{13} We summarily reject the applicability of fundamental error. Fundamental error occurs “only where the defendant’s guilt is open to such question as would shock the conscience if the conviction were permitted to stand.” State v. Jett, 111 N.M. 309, 314, 805 P.2d 78, 83 (1991). There was overwhelming evidence that Isaac had been intentionally abused. Although the State’s ease identifying Defendant as the perpetrator of the abuse was circumstantial, it nevertheless was compelling. Further, Defendant concedes in his briefs in this Court that the jury could have found Defendant guilty of unintentional abuse in view of evidence that Defendant had ignored Isaac’s condition for several days, by which time Isaac was having difficulty breathing and had become severely dehydrated. We are satisfied that the jury’s verdict is not a miscarriage of justice.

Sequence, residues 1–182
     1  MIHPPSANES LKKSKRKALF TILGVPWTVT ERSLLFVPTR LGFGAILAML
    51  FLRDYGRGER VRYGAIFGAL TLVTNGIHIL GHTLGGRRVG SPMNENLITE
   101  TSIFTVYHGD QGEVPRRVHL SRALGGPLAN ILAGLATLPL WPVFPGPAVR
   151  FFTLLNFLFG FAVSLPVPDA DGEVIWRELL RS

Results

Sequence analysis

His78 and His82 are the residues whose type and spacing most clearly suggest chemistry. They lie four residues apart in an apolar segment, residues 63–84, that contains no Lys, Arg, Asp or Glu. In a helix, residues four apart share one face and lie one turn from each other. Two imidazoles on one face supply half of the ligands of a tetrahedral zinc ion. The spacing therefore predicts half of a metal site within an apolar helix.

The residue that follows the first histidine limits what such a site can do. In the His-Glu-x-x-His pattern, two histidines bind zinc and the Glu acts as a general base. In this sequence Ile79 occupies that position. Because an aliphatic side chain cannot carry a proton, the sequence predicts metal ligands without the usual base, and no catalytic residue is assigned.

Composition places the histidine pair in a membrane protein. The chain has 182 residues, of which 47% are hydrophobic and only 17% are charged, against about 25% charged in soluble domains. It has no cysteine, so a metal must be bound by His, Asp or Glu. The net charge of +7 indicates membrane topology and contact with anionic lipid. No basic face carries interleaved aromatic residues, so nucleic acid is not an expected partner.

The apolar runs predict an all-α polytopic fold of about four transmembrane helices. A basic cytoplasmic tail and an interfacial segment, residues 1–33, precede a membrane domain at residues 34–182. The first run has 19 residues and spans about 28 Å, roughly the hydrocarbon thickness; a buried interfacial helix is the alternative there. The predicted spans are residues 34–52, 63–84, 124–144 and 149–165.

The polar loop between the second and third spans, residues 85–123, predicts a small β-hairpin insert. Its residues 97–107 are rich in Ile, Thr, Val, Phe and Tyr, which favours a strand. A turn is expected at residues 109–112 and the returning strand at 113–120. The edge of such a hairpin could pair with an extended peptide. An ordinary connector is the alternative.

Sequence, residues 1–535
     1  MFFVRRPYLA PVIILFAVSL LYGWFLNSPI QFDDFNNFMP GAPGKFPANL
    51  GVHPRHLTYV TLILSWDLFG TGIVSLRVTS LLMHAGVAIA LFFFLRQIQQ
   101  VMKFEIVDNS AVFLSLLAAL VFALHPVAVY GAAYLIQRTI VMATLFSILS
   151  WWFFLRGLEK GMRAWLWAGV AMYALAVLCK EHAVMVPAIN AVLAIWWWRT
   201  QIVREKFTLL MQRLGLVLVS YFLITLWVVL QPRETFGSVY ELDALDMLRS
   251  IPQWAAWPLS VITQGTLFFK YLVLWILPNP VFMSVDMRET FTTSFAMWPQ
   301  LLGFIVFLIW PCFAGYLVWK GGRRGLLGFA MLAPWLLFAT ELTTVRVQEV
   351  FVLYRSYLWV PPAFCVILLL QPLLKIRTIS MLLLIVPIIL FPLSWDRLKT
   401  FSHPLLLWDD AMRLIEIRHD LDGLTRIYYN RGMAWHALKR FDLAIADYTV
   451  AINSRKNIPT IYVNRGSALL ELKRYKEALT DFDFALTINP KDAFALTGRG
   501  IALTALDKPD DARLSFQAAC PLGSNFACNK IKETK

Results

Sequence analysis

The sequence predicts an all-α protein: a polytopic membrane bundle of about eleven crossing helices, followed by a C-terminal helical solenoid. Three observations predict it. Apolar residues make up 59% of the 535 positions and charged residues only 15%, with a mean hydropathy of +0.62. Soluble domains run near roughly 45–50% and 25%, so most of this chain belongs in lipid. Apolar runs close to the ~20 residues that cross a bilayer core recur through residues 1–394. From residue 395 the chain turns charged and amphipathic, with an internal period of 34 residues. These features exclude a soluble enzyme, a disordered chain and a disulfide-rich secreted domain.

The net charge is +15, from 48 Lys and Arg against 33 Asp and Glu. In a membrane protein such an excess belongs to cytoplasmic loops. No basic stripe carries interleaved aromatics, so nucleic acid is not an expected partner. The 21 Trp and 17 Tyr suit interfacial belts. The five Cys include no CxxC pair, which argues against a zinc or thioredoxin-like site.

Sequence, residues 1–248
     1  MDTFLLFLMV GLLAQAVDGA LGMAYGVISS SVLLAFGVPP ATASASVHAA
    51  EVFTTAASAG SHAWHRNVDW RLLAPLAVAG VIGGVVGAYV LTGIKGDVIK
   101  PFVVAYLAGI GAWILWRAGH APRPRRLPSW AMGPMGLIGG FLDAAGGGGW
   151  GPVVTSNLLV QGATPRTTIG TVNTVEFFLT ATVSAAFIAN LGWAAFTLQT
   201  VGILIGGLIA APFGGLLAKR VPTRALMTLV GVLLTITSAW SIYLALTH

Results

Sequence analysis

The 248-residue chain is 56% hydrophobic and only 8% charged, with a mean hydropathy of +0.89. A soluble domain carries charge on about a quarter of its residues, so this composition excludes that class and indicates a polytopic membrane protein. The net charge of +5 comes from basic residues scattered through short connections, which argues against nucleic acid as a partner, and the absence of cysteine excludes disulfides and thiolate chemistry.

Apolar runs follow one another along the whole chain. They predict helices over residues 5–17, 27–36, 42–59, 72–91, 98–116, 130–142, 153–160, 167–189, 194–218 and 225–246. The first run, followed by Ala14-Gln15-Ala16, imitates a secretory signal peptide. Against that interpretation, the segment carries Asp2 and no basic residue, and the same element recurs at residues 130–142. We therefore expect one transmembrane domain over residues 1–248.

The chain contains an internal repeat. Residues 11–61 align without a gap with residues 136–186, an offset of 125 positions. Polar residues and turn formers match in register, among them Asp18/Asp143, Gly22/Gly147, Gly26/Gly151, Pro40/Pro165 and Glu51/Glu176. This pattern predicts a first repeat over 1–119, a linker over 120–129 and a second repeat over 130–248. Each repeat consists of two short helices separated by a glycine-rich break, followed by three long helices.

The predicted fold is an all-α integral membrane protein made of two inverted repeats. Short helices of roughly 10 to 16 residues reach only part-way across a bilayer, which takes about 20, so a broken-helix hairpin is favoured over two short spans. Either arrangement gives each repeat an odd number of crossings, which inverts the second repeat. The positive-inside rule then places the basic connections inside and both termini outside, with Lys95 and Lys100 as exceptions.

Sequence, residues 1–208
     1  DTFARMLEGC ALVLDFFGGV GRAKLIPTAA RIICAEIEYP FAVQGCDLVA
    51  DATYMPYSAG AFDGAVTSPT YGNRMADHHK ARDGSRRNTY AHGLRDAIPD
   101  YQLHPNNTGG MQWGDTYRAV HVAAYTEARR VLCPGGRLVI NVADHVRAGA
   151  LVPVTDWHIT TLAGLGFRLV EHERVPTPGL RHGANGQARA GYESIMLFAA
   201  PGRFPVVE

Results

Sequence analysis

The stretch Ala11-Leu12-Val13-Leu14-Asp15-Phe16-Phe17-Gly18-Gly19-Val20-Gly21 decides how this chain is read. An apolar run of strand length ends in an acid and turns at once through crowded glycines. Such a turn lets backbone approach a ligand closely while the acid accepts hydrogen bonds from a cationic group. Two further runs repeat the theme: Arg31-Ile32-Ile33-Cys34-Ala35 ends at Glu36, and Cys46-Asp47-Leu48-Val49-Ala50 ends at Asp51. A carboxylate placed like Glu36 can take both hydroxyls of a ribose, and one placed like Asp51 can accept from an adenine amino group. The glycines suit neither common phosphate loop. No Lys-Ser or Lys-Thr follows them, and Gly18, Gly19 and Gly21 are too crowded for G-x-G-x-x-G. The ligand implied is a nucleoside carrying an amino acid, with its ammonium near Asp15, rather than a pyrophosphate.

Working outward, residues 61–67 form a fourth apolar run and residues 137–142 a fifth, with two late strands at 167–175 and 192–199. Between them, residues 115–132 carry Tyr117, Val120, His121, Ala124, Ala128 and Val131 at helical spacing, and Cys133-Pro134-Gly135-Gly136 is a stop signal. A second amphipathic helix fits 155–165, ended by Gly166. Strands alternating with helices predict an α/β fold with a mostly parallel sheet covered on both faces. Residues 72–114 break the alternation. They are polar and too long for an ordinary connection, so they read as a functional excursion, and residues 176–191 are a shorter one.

{14} Plain error is broader than fundamental error. State v. Lucero, 116 N.M. 450, 453, 863 P.2d 1071, 1074 (1993). Plain error is not limited to situations in which an error results in the conviction of a defendant who is innocent of the crime for which he has been convicted. Id. Application of the plain error doctrine by an appellate court constitutes an “exercise of remedial discretion.” United States v. Olano, 507 U.S. 725, 736, 113 S.Ct. 1770, 123 L.Ed.2d 508 (1993). We *331decline to address the issue of plain error because it has not been briefed by Defendant. See State v. Romero, 119 N.M. 195, 196, 889 P.2d 230, 231 (Ct.App.1994).

2. The Trial Court Acted Properly in Amending the Judgment and Sentence